When you’re in the kitchen cooking up a storm, sometimes by the time you’re done, it really DOES look like a tornado and a hurricane combined passed through and left their mark.
An organized, clean kitchen creates a calm and peaceful environment.
Why? You’ll be be able to focus on the cooking better, season the food properly and your food will be less likely to over cook, burn or boil over.
You’ll also cut down on unplanned trips to the grocery store in the midst of cooking dinner, when you realize that the ingredient you were 110% sure you had, turns up missing.
Here are a few tips that I use myself on a regular basis:
1. Start with a relatively clean kitchen.
When I look around and see piled up dishes, potato peelings, packaging from food, spilled stuff on the counters and stove, I can feel my stress level rising and my temper getting shorter. All I want to do at that moment is run away and hide in another room. The problem with that option is that I don’t have magical fairies who clean up after me, so I’ll have to eventually come back and do it myself.
Not only does it look awful, but it’s also pretty dangerous. When stuff is piled up, it tends to spill, topple over, and get lost much more easily.
When you can’t find a single spot to set down the wooden spoon or the cutting board, you know it’s time to start clearing out the area. Just recently my counter was so cluttered, that when I set aside a huge knife that I was using to chop a bunch of ingredients, I accidentally knocked it off when I moved the cutting board to make a little room. It landed right on my big toe, thank God with the handle, not the blade! I sure saw the twinkly stars at that moment, limped all day and still have a gruesome black bruise.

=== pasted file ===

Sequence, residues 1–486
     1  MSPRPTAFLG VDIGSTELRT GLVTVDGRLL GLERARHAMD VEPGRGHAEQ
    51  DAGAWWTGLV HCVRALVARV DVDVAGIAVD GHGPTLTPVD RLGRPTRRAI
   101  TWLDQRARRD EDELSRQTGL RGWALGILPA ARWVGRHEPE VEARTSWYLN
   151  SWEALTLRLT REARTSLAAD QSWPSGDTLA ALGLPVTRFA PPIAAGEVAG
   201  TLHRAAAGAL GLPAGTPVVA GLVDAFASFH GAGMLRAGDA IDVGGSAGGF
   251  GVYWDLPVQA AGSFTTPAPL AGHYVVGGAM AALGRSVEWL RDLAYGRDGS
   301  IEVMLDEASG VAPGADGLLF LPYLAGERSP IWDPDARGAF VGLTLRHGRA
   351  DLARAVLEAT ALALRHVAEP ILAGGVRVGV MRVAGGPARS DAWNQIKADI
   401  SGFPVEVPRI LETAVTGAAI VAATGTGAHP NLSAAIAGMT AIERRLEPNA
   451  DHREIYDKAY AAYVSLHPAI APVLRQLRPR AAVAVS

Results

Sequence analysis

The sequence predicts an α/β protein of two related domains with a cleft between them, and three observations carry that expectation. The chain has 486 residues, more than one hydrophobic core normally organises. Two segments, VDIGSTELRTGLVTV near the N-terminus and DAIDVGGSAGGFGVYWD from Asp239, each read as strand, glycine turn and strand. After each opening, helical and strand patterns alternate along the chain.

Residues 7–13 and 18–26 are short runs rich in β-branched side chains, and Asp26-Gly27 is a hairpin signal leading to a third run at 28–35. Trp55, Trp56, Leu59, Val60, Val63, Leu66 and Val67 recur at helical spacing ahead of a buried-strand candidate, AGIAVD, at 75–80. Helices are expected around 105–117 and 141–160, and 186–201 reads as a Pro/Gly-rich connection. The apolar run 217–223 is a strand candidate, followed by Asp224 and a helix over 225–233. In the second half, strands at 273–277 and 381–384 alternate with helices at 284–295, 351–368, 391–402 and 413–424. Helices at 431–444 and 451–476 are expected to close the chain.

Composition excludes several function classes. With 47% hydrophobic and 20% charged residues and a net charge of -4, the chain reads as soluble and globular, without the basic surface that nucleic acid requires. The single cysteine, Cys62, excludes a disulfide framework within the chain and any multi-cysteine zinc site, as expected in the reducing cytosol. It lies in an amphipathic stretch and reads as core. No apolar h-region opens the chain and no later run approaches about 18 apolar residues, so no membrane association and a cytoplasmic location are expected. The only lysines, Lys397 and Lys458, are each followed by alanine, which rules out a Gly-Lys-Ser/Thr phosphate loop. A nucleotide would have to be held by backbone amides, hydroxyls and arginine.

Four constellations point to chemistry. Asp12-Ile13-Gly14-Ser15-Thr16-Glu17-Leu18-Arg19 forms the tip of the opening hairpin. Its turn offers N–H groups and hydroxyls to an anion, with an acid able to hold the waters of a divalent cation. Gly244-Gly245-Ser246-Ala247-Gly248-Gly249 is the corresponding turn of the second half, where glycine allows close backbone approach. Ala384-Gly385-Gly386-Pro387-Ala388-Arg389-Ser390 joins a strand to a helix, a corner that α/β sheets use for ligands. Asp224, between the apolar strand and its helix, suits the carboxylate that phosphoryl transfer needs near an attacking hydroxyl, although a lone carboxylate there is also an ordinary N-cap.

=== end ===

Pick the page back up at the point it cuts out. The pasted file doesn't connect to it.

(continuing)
On the other hand, a clean kitchen gives me energy and puts me in a creative mood to start cooking or trying out a new recipe.
2. Clean as you go.
You probably knew I was going to say this, didn’t you?
I feel so much more focused, organized and in control if the space around me is neat.
That doesn’t mean that I don’t let a single dish pile up in the sink or am feverishly and compulsively putting things away or cleaning the stove and counters. Nope. I look for lulls in the cooking. If my sauce needs to thicken and cook for 5 minutes or I put something in the oven, I tackle the dishes in the sink, either washing them or putting them in the dishwasher. When I’ve peeled and chopped the carrots, potatoes, onions and celery, I put them all away at the same time where they belong.
My best friend for minimizing messes is my garbage bowl.
This is one of my favorite tips. I can stand in one spot, do my thing and keep emptying the bowl whenever it’s full. Your counter space will stay clean and your garbage is confined to one spot. I usually use a bowl that I was using for something else. When I defrost meat, I place the package into a large bowl, to keep it from leaking all over my refrigerator. When I start cooking I take out the package with the meat, dump the liquid out of the bowl, (if there is any) and use that bowl to hold all the garbage. Carrot, onion and potato peels, packaging from food that I open up, etc, it all goes in there instead of strewn all over the counters. Whenever, it’s full, I dump it.
Sometimes I use another container or bag instead of a bowl. Often I use the bag that holds the potatoes, peel the potatoes over the bag, and place the rest of the garbage into the bag as I continue cooking. When I’m done cooking, I just throw out the bag with all the garbage in it.
Usually, when I’ve finished cooking, the kitchen is almost clean. Dump the contents of the garbage bowl, wipe the counters, sweep the floor. DONE.
3. Use plates, utensils, pots, pans, etc. multiple times.
You’ll save time and energy if you don’t use every item that you own. For example, when I make soup and use my homemade chicken broth, I pour the chicken broth into the pot, and then cut up the potato and put it into the same container that just had the chicken broth in until I’m ready to put the potatoes into the soup. Use the same skillet to cook different elements of your dish. If I’m serving pasta and green beans, I bring a pot of water to a boil, blanch my green beans in it, scoop out the beans and use the same pot and water to cook the pasta. The pasta doesn’t taste like green beans at all, and even if it did, I wouldn’t mind. When I make pancakes, I mix all the liquid ingredients in the measuring cup, instead of dirtying up another bowl.